Ten years later, when the 1860 census was taken, the girls had left home and only Benjamin and Mary’s youngest son, Benjamin, was still with them:
Benjamin Powell had obviously improved his circumstances, as it was recorded that he had $1000 of real estate and $150 of personal property. (He had no real estate in 1850).
An immigrant had to wait anything from two to three years after he filed his declaration before submitting his petition for citizenship. When all the requirements had been met, the immigrant was sworn in as a citizen. They signed an oath of allegiance and were issued with a certificate of citizenship. Although Benjamin Powell had declared his intention of becoming an American citizen in 1850, he did not submit his petition for citizenship until twelve years later, when it was granted by the Circuit Court of Fond du Lac on May 17 1862:
It was wonderful to see the signature of Benjamin Powell on this record. He wrote his name in a similar manner when he married in Chiswick, Middlesex in 1827 with both his first names abbreviated.
Sadly, tragedy was to befall the family with the outbreak of the American Civil War. Young Benjamin signed up and enlisted as a private in the Wisconsin Muster Company, 21st Infantry Regiment, on August 15 1862, fighting on the Union side. He was never to return home as he died on November 10 1863 at Bowling Green, Kentucky, during the Chattanooga Campaign. The 21st Wisconsin suffered the deaths of 5 officers and 117 enlisted men as a result of action (or who died later from wounds), whilst 3 officers and 180 enlisted men died from disease.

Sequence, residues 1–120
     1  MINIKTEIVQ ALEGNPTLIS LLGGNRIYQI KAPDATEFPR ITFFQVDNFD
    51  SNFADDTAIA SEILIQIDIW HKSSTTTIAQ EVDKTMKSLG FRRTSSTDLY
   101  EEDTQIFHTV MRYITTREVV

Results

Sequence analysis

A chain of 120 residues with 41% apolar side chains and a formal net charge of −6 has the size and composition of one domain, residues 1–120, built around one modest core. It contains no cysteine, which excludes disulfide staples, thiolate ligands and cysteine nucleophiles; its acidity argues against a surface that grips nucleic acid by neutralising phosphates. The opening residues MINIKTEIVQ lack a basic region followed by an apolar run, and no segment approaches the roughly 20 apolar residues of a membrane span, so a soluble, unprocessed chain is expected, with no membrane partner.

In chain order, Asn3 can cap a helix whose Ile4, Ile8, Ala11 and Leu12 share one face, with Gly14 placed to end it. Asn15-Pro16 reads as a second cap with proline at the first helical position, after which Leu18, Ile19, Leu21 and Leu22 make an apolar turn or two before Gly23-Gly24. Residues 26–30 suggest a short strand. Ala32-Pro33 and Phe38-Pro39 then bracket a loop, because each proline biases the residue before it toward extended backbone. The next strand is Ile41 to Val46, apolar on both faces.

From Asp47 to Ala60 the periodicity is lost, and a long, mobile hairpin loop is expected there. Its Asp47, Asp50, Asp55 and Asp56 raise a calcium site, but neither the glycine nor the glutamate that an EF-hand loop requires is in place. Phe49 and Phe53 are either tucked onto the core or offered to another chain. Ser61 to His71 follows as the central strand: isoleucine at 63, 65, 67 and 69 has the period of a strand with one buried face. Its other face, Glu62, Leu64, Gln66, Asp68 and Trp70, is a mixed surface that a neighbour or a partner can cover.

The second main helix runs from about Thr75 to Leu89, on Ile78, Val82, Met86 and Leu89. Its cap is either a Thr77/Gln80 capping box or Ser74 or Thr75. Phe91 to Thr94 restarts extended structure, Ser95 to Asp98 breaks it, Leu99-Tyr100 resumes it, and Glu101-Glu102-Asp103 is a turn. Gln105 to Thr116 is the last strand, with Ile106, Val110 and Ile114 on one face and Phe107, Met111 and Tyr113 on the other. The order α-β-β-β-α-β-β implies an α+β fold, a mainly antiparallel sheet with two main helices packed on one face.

By 1870, Benjamin Powell had decided to give up carpentry and began a new venture, starting his own business running a saloon with the capital he had saved. Perhaps in his old age he was looking for less demanding physical work. The 1870 census records that he now had $3000 of real estate and $100 of personal estate:
On January 9 1880, Benjamin Powell died and his widow and executrix, Mary Ann, petitioned the Fond du Lac County Court a few days later, on January 13, so that probate could be granted. Mary Ann says that her husband’s heirs, according to his will, are his two married daughters, Emma George Taylor and Mary Nightingale, as well as Mary Ann herself:
It is wonderful to see Mary Powell signing her name on this record. Benjamin had left $200 of personal estate and $1500 of real estate, quite a tidy sum! There is no mention of their daughter, Elizabeth, so she was probably already deceased. Further research will be needed to see if Benjamin’s original will has survived. Later that year, Mary (Ann), is living alone, aged 74, in Fond du Lac when the 1880 census was taken:
Shortly afterwards, Mary Powell moves to Philadelphia to live with her daughter, Emma Taylor, where she dies in 1884.
Since Emma Powell married George Taylor in England, I decided to get a record of their marriage. I had previously noted the marriage of an Emma Powell registered in Brentford in the December quarter of 1846 in the GRO indexes so I now obtained a copy of the certificate:
Emma Powell married John George Taylor in the parish church of St Nicholas, Chiswick on Christmas Day 1846. She named her father as Benjamin Powell, a builder, (he had probably diversified his carpentry business), and I was delighted to see that he was one of the witnesses, signing the register using his full name of William Benjamin Powell. Mary Powell also signed the register. All of them were to leave England around 18 months later.